One for the Road
Sometimes a great idea is so close you’re literally standing on it.
At least that’s been the case for Scott and Julie Brusaw, an Idaho couple that founded Solar Roadways a few years ago. They have what can only be called a grand vision — banishing asphalt roadways once and forever and paving the streets of the world with intelligent solar panels. Every driveway, parking lot, and all road systems — interstate highways, state routes, main street U.S.A., even dirt country roads — are candidates. And let’s not forget amusement parks, raceways, bike paths and parking garage rooftops.
These smart glass roads will be made of interconnected Solar Road Panels. The panels will collect enough energy to power our homes and businesses, not to mention running the roads lighting and display capabilities and, for northern climates, the heating elements that keep the roads clear no matter what the weather.
This is not just a mad gleam in the eye of a couple of enterprising would-be entrepreneurs from Idaho. With a Federal Highway Administration (FHWA) grant, Solar Roadways built its first prototype in 2009. Recently it completed a Phase I SBIR (Small Business Innovative Research) contract and this July was awarded a follow-up $750,000 Phase II contract by the FHWA.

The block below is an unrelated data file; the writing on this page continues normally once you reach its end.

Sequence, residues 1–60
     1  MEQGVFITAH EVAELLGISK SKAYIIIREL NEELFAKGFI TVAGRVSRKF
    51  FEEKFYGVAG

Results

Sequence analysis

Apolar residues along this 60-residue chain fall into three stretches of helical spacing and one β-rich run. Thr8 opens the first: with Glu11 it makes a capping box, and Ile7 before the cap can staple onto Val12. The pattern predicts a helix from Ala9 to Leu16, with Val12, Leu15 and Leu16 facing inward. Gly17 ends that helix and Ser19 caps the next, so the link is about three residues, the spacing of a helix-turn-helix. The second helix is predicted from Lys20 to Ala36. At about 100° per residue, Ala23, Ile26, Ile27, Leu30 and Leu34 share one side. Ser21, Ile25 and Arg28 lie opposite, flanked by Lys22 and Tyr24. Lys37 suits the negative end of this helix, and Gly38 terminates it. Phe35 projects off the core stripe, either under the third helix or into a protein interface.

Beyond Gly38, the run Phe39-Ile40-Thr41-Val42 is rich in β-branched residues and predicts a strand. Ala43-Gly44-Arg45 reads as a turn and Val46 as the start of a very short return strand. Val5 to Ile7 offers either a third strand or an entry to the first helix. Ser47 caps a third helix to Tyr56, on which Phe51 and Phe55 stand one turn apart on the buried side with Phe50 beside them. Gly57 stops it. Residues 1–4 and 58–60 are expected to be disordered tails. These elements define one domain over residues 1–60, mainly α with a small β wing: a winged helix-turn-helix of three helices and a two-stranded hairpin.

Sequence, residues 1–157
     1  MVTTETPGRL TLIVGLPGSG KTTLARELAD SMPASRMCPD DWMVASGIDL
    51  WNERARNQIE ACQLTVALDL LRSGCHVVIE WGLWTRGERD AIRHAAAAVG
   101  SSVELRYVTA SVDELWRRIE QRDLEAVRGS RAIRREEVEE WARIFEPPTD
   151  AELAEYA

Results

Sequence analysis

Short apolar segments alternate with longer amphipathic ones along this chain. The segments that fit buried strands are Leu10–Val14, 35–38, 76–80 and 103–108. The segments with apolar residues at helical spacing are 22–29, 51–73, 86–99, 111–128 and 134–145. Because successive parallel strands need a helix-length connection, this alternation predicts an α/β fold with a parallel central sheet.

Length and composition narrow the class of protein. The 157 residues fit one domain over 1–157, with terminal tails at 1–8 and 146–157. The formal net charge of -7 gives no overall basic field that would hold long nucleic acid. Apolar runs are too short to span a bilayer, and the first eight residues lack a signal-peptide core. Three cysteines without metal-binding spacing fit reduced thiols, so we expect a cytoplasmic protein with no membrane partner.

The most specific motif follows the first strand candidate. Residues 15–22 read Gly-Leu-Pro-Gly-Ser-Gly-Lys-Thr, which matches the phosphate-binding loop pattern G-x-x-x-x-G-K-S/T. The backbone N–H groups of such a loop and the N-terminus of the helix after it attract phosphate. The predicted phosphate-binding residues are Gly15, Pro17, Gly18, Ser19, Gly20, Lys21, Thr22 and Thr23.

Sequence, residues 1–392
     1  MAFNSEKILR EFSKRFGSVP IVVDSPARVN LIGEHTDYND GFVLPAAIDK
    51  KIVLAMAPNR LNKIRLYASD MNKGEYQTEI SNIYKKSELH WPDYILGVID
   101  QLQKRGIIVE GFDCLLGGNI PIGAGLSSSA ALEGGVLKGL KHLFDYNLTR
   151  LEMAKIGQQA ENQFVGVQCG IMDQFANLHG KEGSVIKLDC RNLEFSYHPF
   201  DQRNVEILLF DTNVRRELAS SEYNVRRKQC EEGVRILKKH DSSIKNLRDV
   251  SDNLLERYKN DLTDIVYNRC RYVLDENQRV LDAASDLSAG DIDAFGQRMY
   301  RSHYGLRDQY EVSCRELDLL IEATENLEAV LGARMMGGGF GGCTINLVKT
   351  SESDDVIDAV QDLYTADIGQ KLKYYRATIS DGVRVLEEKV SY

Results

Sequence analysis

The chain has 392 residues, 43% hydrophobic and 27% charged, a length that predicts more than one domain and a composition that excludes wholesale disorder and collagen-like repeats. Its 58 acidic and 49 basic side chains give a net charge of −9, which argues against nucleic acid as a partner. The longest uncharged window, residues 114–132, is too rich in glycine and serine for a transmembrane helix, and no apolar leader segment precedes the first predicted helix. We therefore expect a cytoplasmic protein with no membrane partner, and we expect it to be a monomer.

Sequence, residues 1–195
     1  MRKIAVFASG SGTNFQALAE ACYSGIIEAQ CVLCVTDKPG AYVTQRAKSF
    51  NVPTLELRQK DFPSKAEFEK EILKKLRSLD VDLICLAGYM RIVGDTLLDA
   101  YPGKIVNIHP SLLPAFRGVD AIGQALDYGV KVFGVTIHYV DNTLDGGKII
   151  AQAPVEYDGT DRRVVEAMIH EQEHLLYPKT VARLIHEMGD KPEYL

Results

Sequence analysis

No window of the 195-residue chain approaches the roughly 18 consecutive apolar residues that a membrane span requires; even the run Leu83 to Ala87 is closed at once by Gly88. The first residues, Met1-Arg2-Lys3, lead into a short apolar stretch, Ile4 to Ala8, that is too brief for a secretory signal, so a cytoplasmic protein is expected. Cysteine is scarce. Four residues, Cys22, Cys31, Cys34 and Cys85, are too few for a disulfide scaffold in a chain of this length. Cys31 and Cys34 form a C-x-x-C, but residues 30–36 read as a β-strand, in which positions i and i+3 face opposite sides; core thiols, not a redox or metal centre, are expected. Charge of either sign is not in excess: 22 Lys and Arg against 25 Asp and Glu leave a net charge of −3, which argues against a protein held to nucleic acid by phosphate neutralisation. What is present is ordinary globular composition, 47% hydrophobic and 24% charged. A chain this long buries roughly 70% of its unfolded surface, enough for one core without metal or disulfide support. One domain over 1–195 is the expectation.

The solar panels consist of three layers. The road surface layer is roughened to provide lots of traction — we don’t want 18-wheelers, SUVs and campers whirling around like demented ice skaters. It’s translucent and tough enough to handle heavy loads in the worst weather and provide protection to the next layer — the electronic layer.
This second layer contains a microprocessor board, which allows the panel to sense surface loads and control the heating elements.
The third, base plate layer takes the energy collected by the electronics layer and distributes it to all the homes and businesses connected to the Solar Roadway.
These folks think big. This from their website: “Imagine a world-wide system where the ‘lit half of the world’ is always powering the ‘dark’ half of the world! Everyone has power. No more power shortages, no more roaming power outages, no more need to burn coal (50 percent of all greenhouse gases). Less need for fossil fuels and less dependency upon foreign oil. Much less pollution. How about this for a long term advantage: an electric road allows all-electric vehicles to recharge anywhere: rest stops, parking lots, etc. They would then have the same range as a gasoline-powered vehicle. Internal combustion engines would become obsolete. Our dependency on oil would come to an abrupt end.”
Scott Brusaw figures the money from the Phase II SBIR grant should just about cover the cost of creating a prototype parking lot. The project will take two years or so given the speed bumps that they are bound to encounter.
No matter. Today a parking lot. Tomorrow the world.